I don't think I've ever disagreed with you, Daniel, but I'm inserting a quibble here. I agree about the verbal. But "good for the health" is extremely common in my experience, although it would also be fine without the article. Parallel expressions range all the way from "good for the soul" to "good for the complexion," although those two definitely require the article.

4 years ago

https://www.duolingo.com/jennabbiss

Me too

3 years ago

https://www.duolingo.com/gernt
gernt
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Egad! "Eating fish is healthy" was accepted.

4 years ago

https://www.duolingo.com/arturohiero

"Good for your health" or "good for one's health" is the proper English translation here.

5 years ago

https://www.duolingo.com/Monolingual

Why is it "bueno", not "buena", given that "la salud" is feminine?

5 years ago

https://www.duolingo.com/caiser
caiser
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Bueno is refering to the act of eating, not to the health:

"comer pescado es bueno" it is a complete phrase. "comer pescado" is the subject and hasn't really a genre, so we use the masculine. Then we can add: "for what is good?", and the answer to that question can be masculine of femenine, but it has nothing to do with the genre of "bueno"

5 years ago

https://www.duolingo.com/zashika
zashika
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How about 'It is good for health to eat fish'?

4 years ago

https://www.duolingo.com/jellonz
jellonz
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Word order is fine, but the lack of a pronoun or article (your/the) before "health" doesn't sound quite right in English.

3 years ago

https://www.duolingo.com/chunkylefunga

It's not good for the fish though ;)

2 years ago

https://www.duolingo.com/Katyenok
Katyenok
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But if you don't translate word for word, you can say "It's healthy" instead, couldn't you? That's what my teachers taught as the definition for this phrase

5 years ago

https://www.duolingo.com/Daniel-in-BC

I agree. I just didn't want to risk it. :-)

4 years ago

https://www.duolingo.com/Harbinger91

This sentence definitely needs the gerund version of comer. It seems strange without it.

4 years ago

https://www.duolingo.com/caiser
caiser
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It seems strange because you are thinking in English grammar. In Spanish the sentence with gerund is not correct.

4 years ago

https://www.duolingo.com/Daniel-in-BC

The Spanish is consistent in using infinitives; English goes back and forth between the infinitive and the gerund. (It drives English learners crazy.) The use of the infinitive in Spanish doesn't always equal the use of the infinitive in English. And they do not use the -iendo and -ando forms as nouns in Spanish, as we use gerunds in English.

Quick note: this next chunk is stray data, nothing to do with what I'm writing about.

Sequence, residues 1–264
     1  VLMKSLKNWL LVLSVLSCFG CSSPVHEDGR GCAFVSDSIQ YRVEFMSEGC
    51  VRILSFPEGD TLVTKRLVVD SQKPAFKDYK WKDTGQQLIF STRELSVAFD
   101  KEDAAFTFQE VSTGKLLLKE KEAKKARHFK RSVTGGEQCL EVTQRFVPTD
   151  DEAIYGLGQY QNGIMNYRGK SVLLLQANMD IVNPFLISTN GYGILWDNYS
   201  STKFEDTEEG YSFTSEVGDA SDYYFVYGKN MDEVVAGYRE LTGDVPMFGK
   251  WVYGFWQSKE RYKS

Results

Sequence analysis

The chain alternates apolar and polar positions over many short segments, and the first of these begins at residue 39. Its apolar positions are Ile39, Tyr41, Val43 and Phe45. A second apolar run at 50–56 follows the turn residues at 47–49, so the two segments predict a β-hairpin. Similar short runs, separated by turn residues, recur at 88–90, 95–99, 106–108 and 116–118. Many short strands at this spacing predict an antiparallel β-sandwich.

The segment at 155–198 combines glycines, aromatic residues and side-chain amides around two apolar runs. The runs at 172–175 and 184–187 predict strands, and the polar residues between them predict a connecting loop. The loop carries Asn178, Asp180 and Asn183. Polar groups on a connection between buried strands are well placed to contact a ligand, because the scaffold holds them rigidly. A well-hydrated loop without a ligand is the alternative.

4 years ago

https://www.duolingo.com/niscate
niscate
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The "d" of "salud" in the audio file sounds like a "th".

3 years ago

https://www.duolingo.com/Carnaedy
CarnaedyPlus
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My experience with native speakers (Mexicans) suggests that word-final "d" should actually sound like nothing at all, i.e. it is silent.

3 years ago

https://www.duolingo.com/DavidGibbins

I had "to eat fish" too and as far as I'm concerned it's right

3 years ago

https://www.duolingo.com/mkmichael2
mkmichael2
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I'm guessing the mapping is not literal it's duolingual.

3 years ago

https://www.duolingo.com/ChristinaSL

January 15th, 2015, and your doesn't appear as an option in the choose a word tile option. Personally I have never heard off dropping "your" from the expression. I speak NAmE.

3 years ago

https://www.duolingo.com/liootas

What's that 'th' sound at the end of salud? Do Spanish really say like that?

3 years ago

https://www.duolingo.com/BezJones
BezJones
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Yes, the "d" on the end of words has the tongue a bit in between the teeth like a hard "th"

2 years ago

https://www.duolingo.com/Paolo4082

'comer' is the infinitive 'to eat'... 'combined' would be the present participle for 'eating'...in my humble opinion. No 'clutter' meant. The red warning sign is not welcoming.

3 years ago

https://www.duolingo.com/escobarfely

Duolingo should make "To eat" a correct answer. Are they actually saying that it is incorrect ? I does not matter what is said more often than the other, the fact is that it is not wrong. I am English and have spoken English for the past 72 years all over the world

1 year ago

https://www.duolingo.com/anna693531
anna693531
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hate when you have to type a sentence which isn't even true!!

1 year ago

https://www.duolingo.com/Porquediddly

Include me in too!

1 year ago

https://www.duolingo.com/Porquediddly

One thing I have learned from reading these well founded criticisms is that nothing ever happens! The errors are allowed to continue. But I suppose that when something is free it's rather hard to complain about it.

1 year ago

https://www.duolingo.com/Matthew404561

whatever - move on.

1 year ago